Who’s writing checks for tech? The CMO.
B2B technology companies, meet your new best customer. The CMO. That’s not a typo, it’s a documented trend.
According to Gartner, one-third (30 percent) of marketing-related technology is now bought by marketing, not by the CIO. That percentage is only going to get larger as marketing becomes increasingly tech-centric. In fact, Gartner predicts that the CMO’s budget will be 2-3 times the CIO’s budget by 2017.
Our own experience confirms it. Over the past year, more and more of our positioning engagements have been with clients targeting the CMO.
Why is this happening? Take a quick look at a couple of examples and you’ll see that tech is the new key to marketing success.
- SAS: Traditional business intelligence/analytics have been swamped by the rise of digital media, mobility, and marketing automation. SAS recognized that the CMO’s mandate has evolved to managing multiple channels, media, campaigns, and analytics all in real time. Seeing that revenue is now at the heart of every conversation, the company introduced a customer intelligence platform with built-in analytics, allowing customers to find the most profitable growth opportunities and more intelligently manage their marketing investment.
- Thunderhead.com: The company recognized that a disjointed and impersonal customer experience was no longer just an IT issue but also a marketing issue, and devised a new solution that delivers contemporary SaaS business services via the cloud. Now companies can make the customer experience digital, unified, and memorable, and Thunderhead.com can market an innovative solution to an age-old problem—a solution that gets IT and marketing psyched about working together.
And what does this new trend mean for B2B tech marketing and sales teams?
It’s time to start targeting the CMO directly.
And that requires a different selling strategy than most B2B tech companies are accustomed to.
Unlike the CIO, the CMO is not interested in tech for tech’s sake. The CMO is interested in the business outcomes of using technology. Sales discussions must focus on business drivers, not speeds and feeds. Your products, services, and solutions must be linked to business benefits using the metrics the CMO cares about: customer retention, online conversion rates, cost per lead, lead generation efficiency, etc.
And it’s critical to connect your technology directly to revenue. Show the CMO specifically how your product will help marketing prove its value—tangibly and quantifiably—to the CEO.
That means doing a little homework. You need to understand what kind of technologywill be making the biggest impact on the CMO’s business goals so you’re prepared to align your solution with the CMO’s key initiatives. For example, the CMO may be looking at marketing automation solutions such as Marketo or Eloqua. Where does your solution fit in? The CMO may be evaluating social collaboration solutions like Jive, Chatter, or Yammer to leverage customer feedback, or gamification solutions like Badgeville or Gigya. How will your solution facilitate those efforts?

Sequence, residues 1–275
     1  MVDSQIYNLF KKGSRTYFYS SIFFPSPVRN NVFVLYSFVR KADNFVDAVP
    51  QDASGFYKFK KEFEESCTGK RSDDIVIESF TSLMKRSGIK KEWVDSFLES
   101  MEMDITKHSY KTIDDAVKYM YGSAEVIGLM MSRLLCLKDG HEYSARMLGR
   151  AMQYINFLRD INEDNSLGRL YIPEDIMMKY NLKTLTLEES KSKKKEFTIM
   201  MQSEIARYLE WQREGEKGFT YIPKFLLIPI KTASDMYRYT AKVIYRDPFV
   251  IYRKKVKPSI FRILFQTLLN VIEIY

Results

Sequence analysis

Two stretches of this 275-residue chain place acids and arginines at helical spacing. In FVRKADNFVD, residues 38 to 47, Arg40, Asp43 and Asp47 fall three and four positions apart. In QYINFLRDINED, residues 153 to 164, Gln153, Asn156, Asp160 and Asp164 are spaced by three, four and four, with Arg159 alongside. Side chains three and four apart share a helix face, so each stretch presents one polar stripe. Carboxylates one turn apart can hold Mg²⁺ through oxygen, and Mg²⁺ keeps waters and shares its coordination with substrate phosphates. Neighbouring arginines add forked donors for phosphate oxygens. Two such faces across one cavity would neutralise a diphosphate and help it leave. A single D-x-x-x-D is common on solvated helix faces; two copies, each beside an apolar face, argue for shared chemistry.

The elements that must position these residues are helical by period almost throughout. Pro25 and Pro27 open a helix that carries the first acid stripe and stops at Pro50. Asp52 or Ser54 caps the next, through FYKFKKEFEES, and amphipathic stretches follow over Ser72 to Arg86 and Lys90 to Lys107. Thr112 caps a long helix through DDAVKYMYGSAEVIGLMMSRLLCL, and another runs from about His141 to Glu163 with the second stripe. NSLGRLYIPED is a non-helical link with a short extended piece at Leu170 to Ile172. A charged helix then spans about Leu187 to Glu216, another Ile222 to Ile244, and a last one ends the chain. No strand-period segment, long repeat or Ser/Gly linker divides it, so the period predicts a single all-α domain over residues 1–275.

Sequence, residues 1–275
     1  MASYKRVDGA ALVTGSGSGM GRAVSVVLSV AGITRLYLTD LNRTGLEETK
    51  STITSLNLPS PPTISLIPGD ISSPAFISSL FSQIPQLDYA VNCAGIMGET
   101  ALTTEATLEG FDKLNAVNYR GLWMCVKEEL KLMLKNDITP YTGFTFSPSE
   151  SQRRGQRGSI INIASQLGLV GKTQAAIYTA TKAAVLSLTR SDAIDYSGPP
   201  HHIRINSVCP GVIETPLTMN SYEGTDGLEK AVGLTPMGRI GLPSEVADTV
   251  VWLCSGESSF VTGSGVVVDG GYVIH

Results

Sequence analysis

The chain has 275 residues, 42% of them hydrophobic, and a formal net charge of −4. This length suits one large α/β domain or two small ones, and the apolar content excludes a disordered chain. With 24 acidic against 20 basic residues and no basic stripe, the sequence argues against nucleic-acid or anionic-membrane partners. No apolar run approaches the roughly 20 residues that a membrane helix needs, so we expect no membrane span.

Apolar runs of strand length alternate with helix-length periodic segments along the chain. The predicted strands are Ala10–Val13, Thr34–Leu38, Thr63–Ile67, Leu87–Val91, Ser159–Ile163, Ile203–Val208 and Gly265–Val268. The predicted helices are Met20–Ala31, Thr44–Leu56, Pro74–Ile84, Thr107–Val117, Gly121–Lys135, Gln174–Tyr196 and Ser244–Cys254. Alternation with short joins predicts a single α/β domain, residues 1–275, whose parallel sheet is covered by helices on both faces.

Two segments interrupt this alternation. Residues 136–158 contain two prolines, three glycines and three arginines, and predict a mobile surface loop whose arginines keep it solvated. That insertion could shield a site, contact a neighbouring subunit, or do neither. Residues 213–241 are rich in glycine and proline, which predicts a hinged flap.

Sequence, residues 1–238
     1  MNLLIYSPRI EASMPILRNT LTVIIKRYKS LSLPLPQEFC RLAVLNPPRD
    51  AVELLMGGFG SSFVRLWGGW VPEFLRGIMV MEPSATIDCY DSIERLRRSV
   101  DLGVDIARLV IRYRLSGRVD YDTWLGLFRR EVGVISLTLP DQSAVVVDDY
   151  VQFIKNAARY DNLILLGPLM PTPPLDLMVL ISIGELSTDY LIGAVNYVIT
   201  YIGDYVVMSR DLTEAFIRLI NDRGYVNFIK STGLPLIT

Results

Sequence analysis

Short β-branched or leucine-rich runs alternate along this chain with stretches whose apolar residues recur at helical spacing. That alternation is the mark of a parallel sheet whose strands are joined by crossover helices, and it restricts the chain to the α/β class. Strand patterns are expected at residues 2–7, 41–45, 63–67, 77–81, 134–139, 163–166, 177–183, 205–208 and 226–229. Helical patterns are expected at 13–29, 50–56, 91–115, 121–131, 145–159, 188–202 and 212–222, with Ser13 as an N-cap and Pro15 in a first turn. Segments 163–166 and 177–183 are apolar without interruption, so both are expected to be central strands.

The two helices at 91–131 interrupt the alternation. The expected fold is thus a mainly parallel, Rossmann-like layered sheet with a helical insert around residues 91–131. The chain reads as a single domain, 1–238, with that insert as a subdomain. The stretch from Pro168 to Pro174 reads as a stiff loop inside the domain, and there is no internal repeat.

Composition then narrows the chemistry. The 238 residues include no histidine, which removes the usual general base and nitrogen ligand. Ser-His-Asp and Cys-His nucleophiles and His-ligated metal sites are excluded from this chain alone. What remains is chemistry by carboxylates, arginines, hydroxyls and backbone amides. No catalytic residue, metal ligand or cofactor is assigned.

If you can connect your products and services to these or other technology-based marketing initiatives, you’ll connect with the CMO.
Four steps to prepare for CMO selling:
#1. Walk a mile in the CMO’s shoes.
Today’s CMO is role is complicated. It’s a high-wire act. They’re dealing with multiple channels, from direct to e-commerce, multiple business models, online sales processes—and anyone can broadcast an opinion about your brand at any time.
That’s why the average tenure for a CMO is now only 14 months.
So take the time to understand what life is like for the CMO. What’s top of mind? What do they care about? What’s keeping them up at night? What are their priorities?
#2. Get your story straight.
You need a crisp, clear way of communicating how your company will solve a huge problem for the CMO. And you need to tailor your story for each CMO’s specific situation, because CMOs are not created equal. Some are tech-savvy, others don’t know if a router is a person or a thing. Some are strategic, others are tactical. Some are worried about cutting cost and risk, others want to take a big risk for a big reward. Also consider industry factors. Consumer products CMOs have very different concerns than financial services or retail CMOs.
#3. Stop the geek speak!
If you’re talking back-end system integration and gigaflops per second, you’re going to see the CMO’s eyes glaze over. The CMO wants to build revenue and relevance, not compute infrastructure. Here’s a quick reality check. If you’re using any of the following ten words in your presentation to the CMO, you’re going to hear crickets chirping: open, flexible, powerful, collaborative, agile, empowering, comprehensive, scalable, extensible, future-proof.
#4: Make the CMO relevant.
Tie your sales efforts to funded initiatives and show the CMO how the initiative will deliver more value to the business faster. In other words, connect them to revenue. Help them quantify how their marketing investments will move the needle.
The role of the CMO is evolving. So should your marketing and sales efforts.
Over time, the average CMO is going to become more and more sophisticated about technology, and the average CIO is going to become more knowledgeable about marketing. Their jobs will depend on it.
But for now, they’re still very different people. And you need to sell to both—differently. Your ability to make quota may depend on it.